Bates Orchestra performs Beethoven’s ‘Eroica,’ Strauss serenade for winds

Conducted by Hiroya Miura, the Bates College Orchestra performs Beethoven’s landmark Symphony No. 3 (“Eroica”) and Richard Strauss’ Serenade for 13 Wind Instruments at 7:30 p.m. Saturday, March 19, in the Olin Arts Center Concert Hall, 75 Russell St.

The concert is open to the public at no cost, but tickets are required and can be reserved by contacting 207-786-6135 or olinarts@bates.edu.

The Beethoven symphony and the Strauss serenade, says Miura, “are full of youthful energy from these two German composers.”

The Beethoven symphony is a milestone in symphonic music, a work marking the transition from the formal strictures of the Classical period to the more emotional, organically unfolding style of the Romantic.


The Bates Orchestra concert comes just days before Miura premieres two of his own compositions at the JapanNYC Festival organized by Carnegie Hall, with Seiji Ozawa as artistic director, in March and April.Ā  Miura’s “Mitate” will be performed by the Juilliard Percussion Ensemble at Lincoln Center’s Alice Tully Hall on Tuesday, March 29. Line C3, also a percussion ensemble, debuts his “Blowout” at LaGuardia Performing Arts Center on Saturday, April 2. Both concerts begin at 8 p.m. Learn more.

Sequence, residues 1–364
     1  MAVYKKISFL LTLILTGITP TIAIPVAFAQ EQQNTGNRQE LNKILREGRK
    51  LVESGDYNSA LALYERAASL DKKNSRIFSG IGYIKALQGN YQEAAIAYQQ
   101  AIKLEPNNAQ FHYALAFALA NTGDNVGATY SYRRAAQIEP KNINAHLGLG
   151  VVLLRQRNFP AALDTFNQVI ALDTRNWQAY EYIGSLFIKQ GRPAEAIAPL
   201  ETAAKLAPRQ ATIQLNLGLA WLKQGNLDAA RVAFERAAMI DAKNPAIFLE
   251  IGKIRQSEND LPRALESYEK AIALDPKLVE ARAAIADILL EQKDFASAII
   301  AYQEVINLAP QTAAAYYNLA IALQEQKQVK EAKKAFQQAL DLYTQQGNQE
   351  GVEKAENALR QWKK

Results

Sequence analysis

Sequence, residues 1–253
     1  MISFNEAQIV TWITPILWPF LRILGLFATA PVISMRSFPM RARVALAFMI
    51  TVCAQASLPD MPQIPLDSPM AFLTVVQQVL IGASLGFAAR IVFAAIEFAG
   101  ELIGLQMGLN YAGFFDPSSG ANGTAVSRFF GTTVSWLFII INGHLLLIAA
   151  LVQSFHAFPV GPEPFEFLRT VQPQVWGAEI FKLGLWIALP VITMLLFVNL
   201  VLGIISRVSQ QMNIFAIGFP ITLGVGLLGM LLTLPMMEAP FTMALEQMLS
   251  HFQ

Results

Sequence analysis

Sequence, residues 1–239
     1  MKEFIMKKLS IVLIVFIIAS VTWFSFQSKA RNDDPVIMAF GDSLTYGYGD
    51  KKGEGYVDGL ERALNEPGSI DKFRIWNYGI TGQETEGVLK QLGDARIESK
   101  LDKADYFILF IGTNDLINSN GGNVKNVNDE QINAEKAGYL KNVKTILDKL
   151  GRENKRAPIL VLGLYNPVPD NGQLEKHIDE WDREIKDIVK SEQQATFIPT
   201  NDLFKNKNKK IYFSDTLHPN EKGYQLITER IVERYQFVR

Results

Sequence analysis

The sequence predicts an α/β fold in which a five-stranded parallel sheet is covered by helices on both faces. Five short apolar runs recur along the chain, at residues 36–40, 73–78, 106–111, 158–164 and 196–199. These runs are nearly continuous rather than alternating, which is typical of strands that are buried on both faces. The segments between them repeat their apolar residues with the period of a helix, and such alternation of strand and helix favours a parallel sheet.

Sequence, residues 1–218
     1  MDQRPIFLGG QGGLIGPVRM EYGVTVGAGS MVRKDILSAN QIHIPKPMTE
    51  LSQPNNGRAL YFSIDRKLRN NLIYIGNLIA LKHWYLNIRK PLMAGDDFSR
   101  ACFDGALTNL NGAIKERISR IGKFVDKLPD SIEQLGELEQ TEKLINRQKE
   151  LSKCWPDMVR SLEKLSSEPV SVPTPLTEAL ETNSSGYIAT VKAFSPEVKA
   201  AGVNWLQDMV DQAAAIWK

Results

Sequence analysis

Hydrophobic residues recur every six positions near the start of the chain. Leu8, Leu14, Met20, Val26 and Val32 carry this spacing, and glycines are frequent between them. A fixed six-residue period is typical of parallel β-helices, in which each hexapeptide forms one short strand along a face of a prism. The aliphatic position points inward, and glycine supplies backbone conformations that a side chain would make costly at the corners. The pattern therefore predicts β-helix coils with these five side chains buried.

The Strauss serenade, meanwhile, is the earliest composition by this late-Romantic composer to endure in the repertoire. It’s scored for flutes, oboes, clarinets, horns, bassoons, contrabassoon or tuba, and bass.

“Eroica,” which Beethoven completed in 1803, was written as he was coming to grips with hearing problems that would culminate in total deafness.

“It was probably the first time in history that a symphony became so intensely personal and dramatic,” Miura says, “and the ‘Eroica’ was by far the longest, and perhaps the most substantial, symphonic work of its time.”

The work makes bold use of brass instruments, especially French horn, “and it’s no surprise that the ‘Eroica’ was one of the most influential works for young Strauss, whose father was an orchestral horn player.

“It’s also no coincidence that this serenade by the hand of 18-year-old Strauss is in the key of E-flat major, the key of the ‘Eroica’ and Strauss’ later work ‘A Hero’s Life,’ ” Miura says. “I hope the audience will enjoy the virtual musical dialogue between young Strauss and Beethoven in these two works.”

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